"I Married a Monster from Outer Space!"(1958)-No, this is not the name of Kate Gosslin's new reality show. It's the heart wrenching ordeal of new bride Gloria Talbott, who's dreams of marital bliss are torpedoed on her wedding night. Seems hubby Tom Tryon just can't bring himself to consummate their union. He's also spending a lot of time with his "friends" who are equally uninterested in their wives. Gloria knows something is wrong and boy is she right: her husband's body has been taken over by an alien who wants to mate with earth gals in hopes of reviving his dying race. The problem is the aliens haven't quite figured out the intricacies of human copulation. What will Gloria do when she learns the truth? Will anyone believe her? And if the aliens finally figure out the ways of human love, will Gloria succumb?
Some people have argued that this oh-so-serious sci-fi flick is actually A) a subtle jab at commies-under-every-bush paranoia or B) a subtle jab at closeted gay men who married to keep up appearances. Either way, you can't help but feel bad for Gloria, who wrings her hands in the best women-in-distress fashion and blames herself for all her troubles. However, in this case of marital misery, it's definitely the guy's fault.
"Frigid Wife"(1961)-The title says it all. The only interesting thing about this flick is that double Oscar-winner Sally Field's mom Margaret has the title role.
"Suburban Roulette"(1967)-Love thy neighbor as thy self? Herschell Gordan Lewis takes a break from his usual drive-in blood baths for a look at that seething cauldron of lust, the suburbs. Here folks try and take their mind's off their 30 year mortgages by doing drugs, getting stewed, having orgies, indulging in wife swapping and throwing the occasional barbecue. The real danger in this neighborhood, however, is not unkempt lawns or too loud stereos, but husband and wife switch-hitters Ron and Margo (Tony McCabe and Allison Louise Downe). No gal is safe from these two, including poor Ilene Fisher (Elizabeth Wilkinson) who's foray into suburban sleaze drives her attempt suicide. Although Ang Lee's "The Ice Storm" covered this topic with more taste and restraint, Herschell Gordan--and Junk Cinema--got there first. Not recommended for anyone who wants to respect themselves in the morning or head their local neighborhood association.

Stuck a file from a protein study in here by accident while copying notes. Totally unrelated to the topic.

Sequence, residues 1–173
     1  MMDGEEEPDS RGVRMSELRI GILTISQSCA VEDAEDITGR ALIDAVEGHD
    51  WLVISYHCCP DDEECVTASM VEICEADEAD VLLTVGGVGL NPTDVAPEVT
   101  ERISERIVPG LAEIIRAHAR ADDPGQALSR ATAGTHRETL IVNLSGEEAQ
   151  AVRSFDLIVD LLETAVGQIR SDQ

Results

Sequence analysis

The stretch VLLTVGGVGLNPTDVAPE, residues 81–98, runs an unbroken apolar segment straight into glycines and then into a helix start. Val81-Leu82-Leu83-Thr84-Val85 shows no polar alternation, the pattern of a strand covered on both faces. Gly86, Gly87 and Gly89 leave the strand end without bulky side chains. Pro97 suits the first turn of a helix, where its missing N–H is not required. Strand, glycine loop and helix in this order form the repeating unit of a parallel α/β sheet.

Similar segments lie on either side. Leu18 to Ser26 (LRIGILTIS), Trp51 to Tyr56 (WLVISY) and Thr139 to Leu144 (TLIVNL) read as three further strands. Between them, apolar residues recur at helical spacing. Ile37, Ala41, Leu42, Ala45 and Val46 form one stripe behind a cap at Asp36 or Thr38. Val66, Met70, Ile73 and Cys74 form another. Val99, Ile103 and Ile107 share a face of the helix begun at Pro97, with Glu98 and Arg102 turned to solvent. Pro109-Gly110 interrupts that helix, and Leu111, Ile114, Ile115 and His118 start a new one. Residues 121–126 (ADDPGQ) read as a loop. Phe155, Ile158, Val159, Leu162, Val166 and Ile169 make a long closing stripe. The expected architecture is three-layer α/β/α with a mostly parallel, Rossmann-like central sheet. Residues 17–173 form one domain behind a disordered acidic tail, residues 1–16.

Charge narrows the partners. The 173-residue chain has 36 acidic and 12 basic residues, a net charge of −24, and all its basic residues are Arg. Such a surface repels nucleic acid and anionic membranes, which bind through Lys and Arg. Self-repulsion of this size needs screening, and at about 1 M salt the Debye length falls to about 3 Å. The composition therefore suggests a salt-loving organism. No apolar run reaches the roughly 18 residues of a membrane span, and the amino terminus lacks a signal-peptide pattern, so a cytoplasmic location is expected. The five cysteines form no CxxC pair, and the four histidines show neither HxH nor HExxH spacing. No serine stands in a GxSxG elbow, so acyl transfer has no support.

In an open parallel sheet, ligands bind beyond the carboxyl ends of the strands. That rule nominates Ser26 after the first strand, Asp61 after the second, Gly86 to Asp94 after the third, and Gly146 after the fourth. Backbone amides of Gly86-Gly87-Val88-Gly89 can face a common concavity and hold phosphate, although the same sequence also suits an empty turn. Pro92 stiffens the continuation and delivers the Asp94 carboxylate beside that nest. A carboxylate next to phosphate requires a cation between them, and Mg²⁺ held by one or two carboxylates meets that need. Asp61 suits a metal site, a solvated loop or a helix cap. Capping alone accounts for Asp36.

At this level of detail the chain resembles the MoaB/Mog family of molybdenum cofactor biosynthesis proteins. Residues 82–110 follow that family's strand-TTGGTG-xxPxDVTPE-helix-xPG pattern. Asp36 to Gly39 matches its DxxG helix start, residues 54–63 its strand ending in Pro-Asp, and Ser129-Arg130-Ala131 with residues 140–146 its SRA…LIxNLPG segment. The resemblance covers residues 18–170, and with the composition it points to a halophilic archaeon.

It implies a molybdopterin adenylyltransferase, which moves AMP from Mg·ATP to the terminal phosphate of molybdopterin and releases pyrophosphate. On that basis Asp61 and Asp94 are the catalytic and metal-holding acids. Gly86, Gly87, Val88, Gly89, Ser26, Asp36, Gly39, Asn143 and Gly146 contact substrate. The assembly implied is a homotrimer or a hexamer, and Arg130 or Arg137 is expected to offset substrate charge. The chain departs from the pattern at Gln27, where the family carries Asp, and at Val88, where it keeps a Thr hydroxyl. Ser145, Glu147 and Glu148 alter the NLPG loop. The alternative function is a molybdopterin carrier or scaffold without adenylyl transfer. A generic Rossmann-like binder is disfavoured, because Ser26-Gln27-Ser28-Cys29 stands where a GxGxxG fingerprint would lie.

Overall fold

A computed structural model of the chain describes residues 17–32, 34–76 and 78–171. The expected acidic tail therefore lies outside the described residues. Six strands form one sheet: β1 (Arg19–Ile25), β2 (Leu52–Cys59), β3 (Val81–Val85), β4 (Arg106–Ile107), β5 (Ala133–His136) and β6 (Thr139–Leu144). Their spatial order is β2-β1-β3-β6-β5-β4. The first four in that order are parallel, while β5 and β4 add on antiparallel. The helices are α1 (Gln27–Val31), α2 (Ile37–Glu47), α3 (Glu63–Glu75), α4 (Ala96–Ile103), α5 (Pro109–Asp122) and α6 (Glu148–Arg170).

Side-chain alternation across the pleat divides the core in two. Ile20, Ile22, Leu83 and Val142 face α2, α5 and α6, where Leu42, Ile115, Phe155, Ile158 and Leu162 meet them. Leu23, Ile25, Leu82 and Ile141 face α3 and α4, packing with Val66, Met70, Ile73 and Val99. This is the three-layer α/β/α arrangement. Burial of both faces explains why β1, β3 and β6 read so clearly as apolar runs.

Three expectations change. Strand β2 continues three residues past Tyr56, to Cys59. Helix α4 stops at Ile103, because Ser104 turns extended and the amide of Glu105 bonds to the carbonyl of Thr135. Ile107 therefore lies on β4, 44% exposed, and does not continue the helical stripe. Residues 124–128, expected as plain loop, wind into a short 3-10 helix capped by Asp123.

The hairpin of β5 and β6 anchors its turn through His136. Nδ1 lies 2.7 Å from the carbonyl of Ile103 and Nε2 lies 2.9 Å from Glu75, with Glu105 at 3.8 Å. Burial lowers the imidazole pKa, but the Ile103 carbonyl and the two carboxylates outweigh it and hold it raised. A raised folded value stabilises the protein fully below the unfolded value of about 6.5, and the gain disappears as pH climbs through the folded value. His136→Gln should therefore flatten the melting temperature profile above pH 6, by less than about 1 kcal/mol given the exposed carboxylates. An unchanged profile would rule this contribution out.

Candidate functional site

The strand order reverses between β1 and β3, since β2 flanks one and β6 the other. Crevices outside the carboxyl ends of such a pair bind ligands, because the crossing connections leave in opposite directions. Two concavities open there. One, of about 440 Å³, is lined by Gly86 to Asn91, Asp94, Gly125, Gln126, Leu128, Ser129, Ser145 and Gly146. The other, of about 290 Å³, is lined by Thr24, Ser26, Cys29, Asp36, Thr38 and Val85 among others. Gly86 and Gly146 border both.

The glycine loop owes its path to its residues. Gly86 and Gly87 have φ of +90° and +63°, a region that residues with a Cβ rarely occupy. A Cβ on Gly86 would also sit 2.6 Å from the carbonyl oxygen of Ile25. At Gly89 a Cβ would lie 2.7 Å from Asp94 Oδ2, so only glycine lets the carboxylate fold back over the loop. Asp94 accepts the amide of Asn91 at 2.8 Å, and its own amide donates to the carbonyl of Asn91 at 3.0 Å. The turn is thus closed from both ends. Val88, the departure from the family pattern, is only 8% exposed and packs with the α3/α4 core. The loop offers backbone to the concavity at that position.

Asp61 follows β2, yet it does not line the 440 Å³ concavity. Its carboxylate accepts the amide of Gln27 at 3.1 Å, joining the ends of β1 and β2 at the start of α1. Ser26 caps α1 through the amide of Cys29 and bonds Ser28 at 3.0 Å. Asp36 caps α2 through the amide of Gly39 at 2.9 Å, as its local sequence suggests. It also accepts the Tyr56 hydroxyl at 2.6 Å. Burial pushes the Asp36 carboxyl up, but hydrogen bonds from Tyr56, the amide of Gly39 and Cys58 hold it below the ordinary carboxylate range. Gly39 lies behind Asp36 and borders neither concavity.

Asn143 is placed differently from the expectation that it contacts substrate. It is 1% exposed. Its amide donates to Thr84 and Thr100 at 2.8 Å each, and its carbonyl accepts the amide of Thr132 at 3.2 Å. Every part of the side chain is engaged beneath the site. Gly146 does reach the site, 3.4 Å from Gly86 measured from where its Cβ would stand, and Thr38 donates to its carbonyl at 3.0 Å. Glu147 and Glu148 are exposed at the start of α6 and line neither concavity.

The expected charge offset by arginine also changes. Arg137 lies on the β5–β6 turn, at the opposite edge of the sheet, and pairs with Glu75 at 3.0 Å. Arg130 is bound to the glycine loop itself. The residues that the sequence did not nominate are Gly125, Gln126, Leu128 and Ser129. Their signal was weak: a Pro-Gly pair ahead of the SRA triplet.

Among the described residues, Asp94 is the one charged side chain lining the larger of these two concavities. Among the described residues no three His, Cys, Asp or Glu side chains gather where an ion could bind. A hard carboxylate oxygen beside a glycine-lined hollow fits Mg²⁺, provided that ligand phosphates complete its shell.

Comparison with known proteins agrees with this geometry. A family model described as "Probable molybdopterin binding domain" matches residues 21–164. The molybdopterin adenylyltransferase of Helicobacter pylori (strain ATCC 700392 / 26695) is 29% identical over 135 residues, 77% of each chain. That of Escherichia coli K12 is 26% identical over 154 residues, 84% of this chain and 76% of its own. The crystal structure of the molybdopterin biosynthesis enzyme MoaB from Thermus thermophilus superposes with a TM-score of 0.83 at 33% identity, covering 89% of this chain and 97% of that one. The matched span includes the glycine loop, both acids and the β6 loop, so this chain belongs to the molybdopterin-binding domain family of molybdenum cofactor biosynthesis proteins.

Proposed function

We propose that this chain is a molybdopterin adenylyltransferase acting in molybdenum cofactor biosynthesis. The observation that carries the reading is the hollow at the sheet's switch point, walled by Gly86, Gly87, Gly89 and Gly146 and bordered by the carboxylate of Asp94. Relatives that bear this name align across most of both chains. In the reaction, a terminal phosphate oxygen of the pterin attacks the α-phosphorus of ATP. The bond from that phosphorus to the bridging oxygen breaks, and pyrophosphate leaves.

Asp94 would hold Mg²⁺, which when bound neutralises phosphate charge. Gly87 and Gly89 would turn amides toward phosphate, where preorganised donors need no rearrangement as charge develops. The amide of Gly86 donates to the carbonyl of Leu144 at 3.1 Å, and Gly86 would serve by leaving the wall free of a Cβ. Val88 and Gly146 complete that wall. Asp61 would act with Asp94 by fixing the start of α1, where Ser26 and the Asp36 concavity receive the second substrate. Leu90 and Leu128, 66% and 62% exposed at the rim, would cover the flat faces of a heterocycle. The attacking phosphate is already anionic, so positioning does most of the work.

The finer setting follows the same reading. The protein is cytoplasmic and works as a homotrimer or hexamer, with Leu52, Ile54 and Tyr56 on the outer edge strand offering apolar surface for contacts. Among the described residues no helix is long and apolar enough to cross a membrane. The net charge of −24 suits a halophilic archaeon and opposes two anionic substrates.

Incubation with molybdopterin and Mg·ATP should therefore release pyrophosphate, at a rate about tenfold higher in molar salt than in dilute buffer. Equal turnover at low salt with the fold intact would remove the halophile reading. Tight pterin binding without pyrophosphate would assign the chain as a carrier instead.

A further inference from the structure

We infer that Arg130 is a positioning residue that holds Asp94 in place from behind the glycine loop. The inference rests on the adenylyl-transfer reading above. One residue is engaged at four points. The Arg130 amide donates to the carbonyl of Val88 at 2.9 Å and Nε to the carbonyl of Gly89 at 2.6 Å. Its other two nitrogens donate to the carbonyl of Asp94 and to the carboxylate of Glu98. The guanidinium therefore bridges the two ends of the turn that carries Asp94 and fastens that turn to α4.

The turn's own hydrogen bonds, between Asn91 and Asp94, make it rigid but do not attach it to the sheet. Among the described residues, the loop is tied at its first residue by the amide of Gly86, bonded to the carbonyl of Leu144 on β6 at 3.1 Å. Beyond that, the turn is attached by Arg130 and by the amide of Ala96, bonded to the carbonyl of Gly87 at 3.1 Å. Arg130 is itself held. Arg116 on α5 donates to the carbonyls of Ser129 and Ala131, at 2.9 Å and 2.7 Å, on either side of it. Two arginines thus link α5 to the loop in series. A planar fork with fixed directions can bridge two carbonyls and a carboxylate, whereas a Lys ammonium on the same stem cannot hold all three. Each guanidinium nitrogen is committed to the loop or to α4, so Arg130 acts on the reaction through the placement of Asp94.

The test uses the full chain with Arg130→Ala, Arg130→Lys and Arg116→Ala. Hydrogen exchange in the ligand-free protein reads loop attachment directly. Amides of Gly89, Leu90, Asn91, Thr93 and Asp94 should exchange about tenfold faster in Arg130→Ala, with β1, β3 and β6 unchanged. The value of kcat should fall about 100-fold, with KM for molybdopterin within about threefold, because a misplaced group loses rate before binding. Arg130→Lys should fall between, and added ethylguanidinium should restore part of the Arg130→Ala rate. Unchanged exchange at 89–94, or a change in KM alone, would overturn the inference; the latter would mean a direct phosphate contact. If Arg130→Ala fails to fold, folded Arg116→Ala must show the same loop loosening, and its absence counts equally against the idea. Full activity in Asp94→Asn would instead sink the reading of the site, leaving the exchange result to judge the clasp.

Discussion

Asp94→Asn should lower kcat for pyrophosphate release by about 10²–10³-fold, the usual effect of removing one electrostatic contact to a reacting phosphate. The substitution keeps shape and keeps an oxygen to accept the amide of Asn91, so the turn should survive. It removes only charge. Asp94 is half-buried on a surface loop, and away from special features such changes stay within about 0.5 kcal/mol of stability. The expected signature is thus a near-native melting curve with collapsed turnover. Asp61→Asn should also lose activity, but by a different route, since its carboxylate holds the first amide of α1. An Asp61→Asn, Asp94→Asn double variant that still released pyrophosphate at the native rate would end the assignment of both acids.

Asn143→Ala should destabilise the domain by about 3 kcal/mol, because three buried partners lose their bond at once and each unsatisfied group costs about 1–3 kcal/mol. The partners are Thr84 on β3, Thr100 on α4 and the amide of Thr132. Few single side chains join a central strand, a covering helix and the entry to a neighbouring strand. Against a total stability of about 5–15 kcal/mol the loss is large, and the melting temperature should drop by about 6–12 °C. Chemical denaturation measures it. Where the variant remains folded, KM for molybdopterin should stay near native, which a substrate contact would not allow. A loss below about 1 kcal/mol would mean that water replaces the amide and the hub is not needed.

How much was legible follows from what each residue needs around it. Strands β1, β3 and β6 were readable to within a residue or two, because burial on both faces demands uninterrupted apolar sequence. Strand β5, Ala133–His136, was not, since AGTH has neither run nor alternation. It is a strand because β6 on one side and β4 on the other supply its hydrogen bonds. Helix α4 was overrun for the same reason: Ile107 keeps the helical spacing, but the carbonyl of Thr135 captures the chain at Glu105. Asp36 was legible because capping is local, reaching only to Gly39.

Of course, no salute to wifely misery would be complete without mentioning actress Constance Ford. Although best remembered today as the the saintly and long suffering Ada on the defunct soap "Another World", Ford had quite a run in the late 1950's and early 1960's as the ultimate desperate housewife and shrewish mom. Her reign of terror includes "A Summer Place"(1959), where Ford hasn't let husband Richard Egan touch her in years and forces teen daughter Sandra Dee to wear cast iron griddles so she won't "bounce when she walks". In "Claudelle Inglish" (1961) Ford is the bitter wife of a poor farmer who actually encourages her teen daughter Diane McBain to sleep around. When Claudelle refuses to become the trophy wife of rich Claude Akins (and who could blame her?), Constance swipes her kid's best dress and runs off with the future "Sheriff Lobo" star herself. Last but not least is 1963's "The Care Takers", where Robert Stack tries out his controversial group therapy techniques on a zany collection of mental hospital patients (like grieving mom Polly Bergen, ex-hooker Janis Paige and "Breaking Away" mom Barbara Barrie) while head nurse Joan Crawford practice judo moves on the very devoted Constance Ford. Paging Dr. Phil!